It is interesting to note that in the Bmpr1a;b mutant, while the prospective trachea never regains respiratory fate, the prospective lung endoderm undergoes more dynamic changes in fate. Ectopic buds express NKX2-1 when they are first initiating (Fig. 3D, Fig. 5N), but only buds that have grown into the lung mesenchyme maintain respiratory fate at E11.5 (Fig. 4H). In addition, the proximal region of the bronchi, while having a digestive fate at E11.5 (Fig. 4H), has gained respiratory fate by E17.5 (Fig. 4P). One possible explanation is that the fate of lung endoderm remains labile after initiation of lung morphogenesis. In the absence of BMP signaling, prospective respiratory cells may rely on other signals from the lung mesenchyme. Alternatively, the apparent recovery of respiratory fate in the proximal bronchi could be due to proliferation and migration of NKX2-1-positive cells from the distal lung epithelium.
Although this study focuses on respiratory initiation, in regard to later stages of lung development, it is surprising that three different conditional Bmpr1a single mutants differ in their phenotypes (this work) (Eblaghie et al., 2006; Sun et al., 2008). The lack of gross lung defect in our Shhcre;Bmpr1a mutant is not likely to be due to incomplete Cre-mediated excision, as BMPR1A is absent from E9.5 onwards (see Fig. S1C in the supplementary material). Further work is needed to resolve the causes for the different phenotypes. However, it is worth noting that conclusions drawn from late lung phenotypes exhibited by the Bmpr1a;b mutant in this study are consistent with previous conclusions drawn from the other Bmpr1a single mutants regarding the general role of BMP in later lung development.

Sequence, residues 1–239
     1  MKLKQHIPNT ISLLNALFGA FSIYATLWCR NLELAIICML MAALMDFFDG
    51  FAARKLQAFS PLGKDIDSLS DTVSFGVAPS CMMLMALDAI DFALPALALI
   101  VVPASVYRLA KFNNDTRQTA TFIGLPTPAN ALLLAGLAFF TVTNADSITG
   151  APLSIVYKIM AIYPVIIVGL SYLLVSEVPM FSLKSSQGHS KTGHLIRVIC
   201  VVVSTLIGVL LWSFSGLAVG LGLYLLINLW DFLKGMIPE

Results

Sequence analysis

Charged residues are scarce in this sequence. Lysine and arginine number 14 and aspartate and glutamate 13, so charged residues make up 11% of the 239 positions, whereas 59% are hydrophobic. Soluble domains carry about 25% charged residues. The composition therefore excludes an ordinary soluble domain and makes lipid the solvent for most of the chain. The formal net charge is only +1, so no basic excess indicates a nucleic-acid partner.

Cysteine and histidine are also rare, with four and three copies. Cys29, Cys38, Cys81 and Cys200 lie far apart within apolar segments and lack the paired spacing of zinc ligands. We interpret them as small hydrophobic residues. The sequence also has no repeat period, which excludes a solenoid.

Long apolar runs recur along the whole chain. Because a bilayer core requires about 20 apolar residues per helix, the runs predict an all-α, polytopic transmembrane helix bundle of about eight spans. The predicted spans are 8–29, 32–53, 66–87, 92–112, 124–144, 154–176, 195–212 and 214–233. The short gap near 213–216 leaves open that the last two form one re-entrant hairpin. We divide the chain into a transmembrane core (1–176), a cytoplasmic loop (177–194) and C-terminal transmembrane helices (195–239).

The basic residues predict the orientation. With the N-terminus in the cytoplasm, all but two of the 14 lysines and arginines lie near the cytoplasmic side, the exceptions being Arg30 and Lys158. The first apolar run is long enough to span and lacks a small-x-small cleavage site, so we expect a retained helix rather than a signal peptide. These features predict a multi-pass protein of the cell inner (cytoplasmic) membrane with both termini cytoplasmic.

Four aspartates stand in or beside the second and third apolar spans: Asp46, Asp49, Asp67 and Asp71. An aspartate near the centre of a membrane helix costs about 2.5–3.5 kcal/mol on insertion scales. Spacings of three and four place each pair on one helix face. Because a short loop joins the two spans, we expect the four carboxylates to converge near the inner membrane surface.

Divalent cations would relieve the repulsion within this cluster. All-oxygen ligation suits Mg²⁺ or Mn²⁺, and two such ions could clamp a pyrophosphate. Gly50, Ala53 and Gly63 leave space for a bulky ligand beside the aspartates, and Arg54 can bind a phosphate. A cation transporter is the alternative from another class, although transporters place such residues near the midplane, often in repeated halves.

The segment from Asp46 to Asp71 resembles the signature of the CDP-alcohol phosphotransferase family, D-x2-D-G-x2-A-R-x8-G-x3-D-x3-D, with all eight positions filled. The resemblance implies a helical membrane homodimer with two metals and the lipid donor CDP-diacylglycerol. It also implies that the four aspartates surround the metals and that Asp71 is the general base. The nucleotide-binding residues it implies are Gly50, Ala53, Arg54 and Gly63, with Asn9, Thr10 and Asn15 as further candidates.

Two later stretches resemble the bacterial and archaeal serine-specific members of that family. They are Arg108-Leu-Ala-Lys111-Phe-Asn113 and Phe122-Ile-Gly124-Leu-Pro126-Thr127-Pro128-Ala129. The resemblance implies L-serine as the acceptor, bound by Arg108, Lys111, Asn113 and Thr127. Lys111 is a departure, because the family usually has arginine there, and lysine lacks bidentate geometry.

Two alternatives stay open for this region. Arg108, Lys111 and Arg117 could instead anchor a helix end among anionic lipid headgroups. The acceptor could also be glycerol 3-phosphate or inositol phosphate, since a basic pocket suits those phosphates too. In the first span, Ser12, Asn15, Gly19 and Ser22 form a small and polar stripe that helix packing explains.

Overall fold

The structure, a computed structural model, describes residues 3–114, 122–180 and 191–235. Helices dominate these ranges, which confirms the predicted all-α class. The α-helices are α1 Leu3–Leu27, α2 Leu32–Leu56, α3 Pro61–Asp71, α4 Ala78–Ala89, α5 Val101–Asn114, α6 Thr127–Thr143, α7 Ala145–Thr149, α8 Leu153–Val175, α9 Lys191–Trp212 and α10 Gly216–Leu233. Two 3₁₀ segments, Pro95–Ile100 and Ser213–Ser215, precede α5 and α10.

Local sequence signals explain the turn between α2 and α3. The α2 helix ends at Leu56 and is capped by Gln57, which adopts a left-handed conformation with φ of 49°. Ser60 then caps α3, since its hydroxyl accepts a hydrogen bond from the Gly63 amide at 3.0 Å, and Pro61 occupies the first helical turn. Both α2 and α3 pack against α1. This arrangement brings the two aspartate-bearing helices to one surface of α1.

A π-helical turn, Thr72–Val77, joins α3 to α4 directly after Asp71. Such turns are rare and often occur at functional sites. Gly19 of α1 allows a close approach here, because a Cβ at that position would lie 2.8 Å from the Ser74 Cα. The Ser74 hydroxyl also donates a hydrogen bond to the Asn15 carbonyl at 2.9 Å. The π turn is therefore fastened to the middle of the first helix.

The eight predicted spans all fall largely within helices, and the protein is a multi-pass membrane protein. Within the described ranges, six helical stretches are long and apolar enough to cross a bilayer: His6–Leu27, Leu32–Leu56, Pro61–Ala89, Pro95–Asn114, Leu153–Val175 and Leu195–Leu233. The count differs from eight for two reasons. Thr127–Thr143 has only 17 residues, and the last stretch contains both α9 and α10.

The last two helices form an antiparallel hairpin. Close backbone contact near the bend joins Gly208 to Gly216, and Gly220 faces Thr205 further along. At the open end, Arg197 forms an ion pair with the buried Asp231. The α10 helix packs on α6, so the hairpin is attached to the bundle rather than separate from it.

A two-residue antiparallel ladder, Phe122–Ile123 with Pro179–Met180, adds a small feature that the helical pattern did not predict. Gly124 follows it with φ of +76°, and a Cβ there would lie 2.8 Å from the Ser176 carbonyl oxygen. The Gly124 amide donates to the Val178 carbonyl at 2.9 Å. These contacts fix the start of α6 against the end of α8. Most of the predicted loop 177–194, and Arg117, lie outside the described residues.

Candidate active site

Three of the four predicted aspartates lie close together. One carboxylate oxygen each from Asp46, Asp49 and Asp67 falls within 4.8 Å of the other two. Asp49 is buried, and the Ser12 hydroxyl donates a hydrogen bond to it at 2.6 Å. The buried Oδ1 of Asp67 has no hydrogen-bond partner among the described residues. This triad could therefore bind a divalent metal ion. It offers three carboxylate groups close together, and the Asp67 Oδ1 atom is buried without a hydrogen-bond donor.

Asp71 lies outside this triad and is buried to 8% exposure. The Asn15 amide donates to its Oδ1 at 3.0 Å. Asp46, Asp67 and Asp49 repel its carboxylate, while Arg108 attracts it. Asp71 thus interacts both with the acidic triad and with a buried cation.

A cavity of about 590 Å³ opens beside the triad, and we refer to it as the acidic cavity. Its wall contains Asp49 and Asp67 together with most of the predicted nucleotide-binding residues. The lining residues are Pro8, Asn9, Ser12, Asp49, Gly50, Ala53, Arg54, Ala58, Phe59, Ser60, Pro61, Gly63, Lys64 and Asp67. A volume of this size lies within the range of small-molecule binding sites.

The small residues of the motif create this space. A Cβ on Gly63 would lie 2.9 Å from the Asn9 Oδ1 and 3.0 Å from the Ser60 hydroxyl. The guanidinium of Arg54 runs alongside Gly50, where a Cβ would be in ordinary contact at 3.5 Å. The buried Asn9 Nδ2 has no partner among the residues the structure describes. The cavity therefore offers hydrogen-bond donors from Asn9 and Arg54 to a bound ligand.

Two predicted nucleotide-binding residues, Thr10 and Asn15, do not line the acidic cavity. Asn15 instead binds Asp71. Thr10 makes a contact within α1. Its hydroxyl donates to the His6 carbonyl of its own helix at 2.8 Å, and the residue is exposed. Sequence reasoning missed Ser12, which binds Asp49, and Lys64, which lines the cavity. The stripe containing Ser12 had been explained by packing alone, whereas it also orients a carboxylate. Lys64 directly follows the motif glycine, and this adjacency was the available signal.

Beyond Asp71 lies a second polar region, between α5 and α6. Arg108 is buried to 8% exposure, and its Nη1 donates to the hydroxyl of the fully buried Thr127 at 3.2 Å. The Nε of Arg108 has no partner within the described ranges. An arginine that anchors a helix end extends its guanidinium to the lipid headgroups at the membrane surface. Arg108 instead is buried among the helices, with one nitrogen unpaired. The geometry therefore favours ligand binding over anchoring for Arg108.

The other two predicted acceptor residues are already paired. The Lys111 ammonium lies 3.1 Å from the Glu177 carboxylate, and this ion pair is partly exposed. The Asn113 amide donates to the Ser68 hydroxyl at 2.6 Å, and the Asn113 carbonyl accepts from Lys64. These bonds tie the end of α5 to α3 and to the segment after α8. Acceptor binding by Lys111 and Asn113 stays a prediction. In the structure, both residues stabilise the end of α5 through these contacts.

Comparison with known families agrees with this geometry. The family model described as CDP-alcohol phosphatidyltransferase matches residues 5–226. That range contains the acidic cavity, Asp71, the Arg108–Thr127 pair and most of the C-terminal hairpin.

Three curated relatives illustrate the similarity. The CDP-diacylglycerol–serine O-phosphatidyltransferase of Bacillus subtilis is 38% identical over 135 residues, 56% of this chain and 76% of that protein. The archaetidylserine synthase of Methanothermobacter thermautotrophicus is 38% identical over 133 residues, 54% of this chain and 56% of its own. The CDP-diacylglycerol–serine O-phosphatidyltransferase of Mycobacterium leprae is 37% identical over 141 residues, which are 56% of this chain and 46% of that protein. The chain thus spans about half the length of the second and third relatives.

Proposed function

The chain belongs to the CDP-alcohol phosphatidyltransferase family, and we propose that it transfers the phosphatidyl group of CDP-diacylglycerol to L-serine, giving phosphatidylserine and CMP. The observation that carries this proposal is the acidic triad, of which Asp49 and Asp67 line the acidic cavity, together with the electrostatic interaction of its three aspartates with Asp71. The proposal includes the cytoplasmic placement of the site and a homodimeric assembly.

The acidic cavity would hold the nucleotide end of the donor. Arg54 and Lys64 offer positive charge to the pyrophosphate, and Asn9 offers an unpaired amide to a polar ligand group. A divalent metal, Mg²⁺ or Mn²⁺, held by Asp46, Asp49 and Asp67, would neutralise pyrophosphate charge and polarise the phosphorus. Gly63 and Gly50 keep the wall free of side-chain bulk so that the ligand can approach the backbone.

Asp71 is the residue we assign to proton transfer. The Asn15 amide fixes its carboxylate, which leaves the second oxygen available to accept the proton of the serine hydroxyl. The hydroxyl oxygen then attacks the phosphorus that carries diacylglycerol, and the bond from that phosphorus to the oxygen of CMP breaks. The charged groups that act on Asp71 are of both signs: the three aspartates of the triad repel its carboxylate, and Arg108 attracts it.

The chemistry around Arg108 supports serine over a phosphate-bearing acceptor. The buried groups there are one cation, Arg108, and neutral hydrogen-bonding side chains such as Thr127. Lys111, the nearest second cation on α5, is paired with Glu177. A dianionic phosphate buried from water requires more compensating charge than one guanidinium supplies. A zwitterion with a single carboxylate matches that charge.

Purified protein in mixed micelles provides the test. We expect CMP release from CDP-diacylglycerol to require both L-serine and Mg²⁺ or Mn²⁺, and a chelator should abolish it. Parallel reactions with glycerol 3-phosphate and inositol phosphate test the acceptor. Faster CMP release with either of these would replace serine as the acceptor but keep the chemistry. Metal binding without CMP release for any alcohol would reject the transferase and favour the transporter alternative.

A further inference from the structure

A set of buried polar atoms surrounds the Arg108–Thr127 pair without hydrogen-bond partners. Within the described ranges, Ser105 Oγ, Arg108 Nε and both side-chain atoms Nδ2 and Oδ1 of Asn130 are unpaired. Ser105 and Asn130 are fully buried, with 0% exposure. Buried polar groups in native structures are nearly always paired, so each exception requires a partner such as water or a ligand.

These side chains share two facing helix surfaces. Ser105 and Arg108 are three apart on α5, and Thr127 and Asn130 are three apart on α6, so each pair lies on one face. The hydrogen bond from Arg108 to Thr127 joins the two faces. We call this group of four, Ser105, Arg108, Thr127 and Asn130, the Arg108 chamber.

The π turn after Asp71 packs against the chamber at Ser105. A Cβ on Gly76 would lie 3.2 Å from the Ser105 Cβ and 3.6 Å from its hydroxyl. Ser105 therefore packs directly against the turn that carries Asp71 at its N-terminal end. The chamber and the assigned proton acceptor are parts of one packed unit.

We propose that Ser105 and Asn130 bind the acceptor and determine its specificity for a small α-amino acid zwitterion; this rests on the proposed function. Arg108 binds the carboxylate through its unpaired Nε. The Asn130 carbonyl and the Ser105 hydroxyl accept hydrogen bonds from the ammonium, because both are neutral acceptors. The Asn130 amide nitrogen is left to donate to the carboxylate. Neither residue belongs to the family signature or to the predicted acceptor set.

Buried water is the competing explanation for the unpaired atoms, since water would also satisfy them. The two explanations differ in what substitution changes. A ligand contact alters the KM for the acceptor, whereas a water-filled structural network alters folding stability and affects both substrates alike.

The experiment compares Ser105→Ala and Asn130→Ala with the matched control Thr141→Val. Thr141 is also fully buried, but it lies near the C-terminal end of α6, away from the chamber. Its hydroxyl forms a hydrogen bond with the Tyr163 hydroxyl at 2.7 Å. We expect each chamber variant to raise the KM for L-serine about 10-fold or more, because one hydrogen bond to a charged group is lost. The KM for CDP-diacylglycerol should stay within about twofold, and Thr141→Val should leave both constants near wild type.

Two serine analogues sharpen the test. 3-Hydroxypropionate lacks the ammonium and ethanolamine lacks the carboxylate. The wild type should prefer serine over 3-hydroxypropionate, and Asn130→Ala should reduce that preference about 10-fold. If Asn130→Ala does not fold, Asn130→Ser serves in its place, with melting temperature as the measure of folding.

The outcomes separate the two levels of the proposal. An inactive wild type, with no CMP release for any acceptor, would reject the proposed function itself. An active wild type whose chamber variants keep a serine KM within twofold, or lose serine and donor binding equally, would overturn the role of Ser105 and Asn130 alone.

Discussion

Signal pathway relationships in the developing foregut endoderm
Given the multiple signaling pathways that are active in the foregut endoderm, the binary cell fate choices and simple morphogenesis events, this tissue offers an excellent setting with which to study pathway relationships. Data from Bmpr1a;b mutants suggest that these receptors are essential to maintain the respiratory fate of trachea but not distal lung buds. One possible signal that promotes respiratory fate in lung is FGF10 (Fig. 7A). It is expressed at highest levels in the distal lung mesenchyme and is capable of inducing expression of Nkx2-1 and downregulating expression of Sox2 and P63 (Que et al., 2007). Complementary to the requirement for BMP signaling, FGF10 signaling is essential for the formation of the lung buds, but not trachea (Min et al., 1998; Sekine et al., 1999). This molecular difference is consistent with the finding that trachea and lung progenitors are set apart as two independent populations much earlier than the first sign of respiratory development (Perl et al., 2002).